Discover more from Heaven & El
Abigail: Chapter 12
The following morning at eleven o’clock on the dot, Jonathan pulled up outside the house and, with a toot of his horn, called my two beautiful girls to him. I wanted to beg them to stay, to coerce them with promises of Christmas shopping, reminders of how much fun we'd have but of course I didn’t say a word. Instead, I plastered a smile on my face, kissed them goodbye, and waved until they were out of sight. Only then did I allow one solitary tear to fall down my cheek. Pity party over, I drowned my sorrows under a hot shower before making myself pancakes and bacon for breakfast. I wasn't much of a cook but pancakes with bacon was my signature dish.
After hoovering the house, reorganising the fridge and walking the dog, it wasn’t until the thought of decluttering my sock drawer made me smile that I realised I had to get out of the house. It would be hours before the girls were home and I was driving myself crazy. Driving aimlessly around the countryside just for the fun of it wasn’t really my style so I took a peek at my inbox in case there was anything new that could distract me and nearly danced for joy when I saw an email from a law firm in Cardiff asking me if I’d help them track a potential client. Like me, they worked on a no win no fee basis. Unlike me, they rarely took on a case before first getting the inside scoop. It wasn’t the most exciting gig in the world but it paid the mortgage and was just the distraction I needed to fill an otherwise empty Saturday.
As luck would have it, the address of the client in question was just around the corner from Bill Winkleman’s site. I didn’t expect to find any of them working on a Saturday but it wouldn’t hurt to snoop around a bit. I decked myself out in my plumbers issue polo shirt and combats and, after making a flask of coffee, headed to the van. Thanks to the sat nav on my phone I found the address easily. I pulled up a little way back from the house on the opposite side of the road and did my best to look invisible. Gone are the days of hiding behind broadsheets, peeking over the top when you think no-one is looking. Thanks to the law banning mobile phone use while driving, it was now easier than ever to sit at the side of any public road and be completely unapproachable, as long as you mastered the art of making fake phone calls. It could lead to a terrible case of arm ache but when it came to staking out a client’s house, there was nothing better.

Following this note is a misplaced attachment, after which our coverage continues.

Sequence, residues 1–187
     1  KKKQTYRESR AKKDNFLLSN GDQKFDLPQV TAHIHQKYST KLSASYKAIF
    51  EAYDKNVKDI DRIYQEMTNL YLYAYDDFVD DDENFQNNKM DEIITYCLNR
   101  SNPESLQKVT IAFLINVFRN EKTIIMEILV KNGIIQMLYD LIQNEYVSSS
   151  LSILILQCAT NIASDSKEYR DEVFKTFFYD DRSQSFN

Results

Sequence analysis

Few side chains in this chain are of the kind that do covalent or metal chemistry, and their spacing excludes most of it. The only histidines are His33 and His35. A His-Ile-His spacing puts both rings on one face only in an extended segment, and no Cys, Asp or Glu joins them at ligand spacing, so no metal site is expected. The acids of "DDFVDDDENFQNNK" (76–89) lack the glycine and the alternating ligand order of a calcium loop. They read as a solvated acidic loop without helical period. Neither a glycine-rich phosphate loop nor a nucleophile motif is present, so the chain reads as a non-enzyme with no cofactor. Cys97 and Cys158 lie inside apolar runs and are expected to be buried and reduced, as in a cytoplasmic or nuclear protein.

After an hour of holding my phone to my face though, even I was starting to get a little restless. I’d also drained my flask and found myself in dire need of the little girl’s room. I thought lovingly of Bill’s office, certain that for a site of that size there had to be a toilet and without thinking, put the van into gear and headed straight there. Of course no one would be working, of course the toilets would almost certainly be locked for the weekend, but just in case, it didn’t hurt to try. The alternative was finding a large bush to squat behind and I definitely wasn’t dressed for that.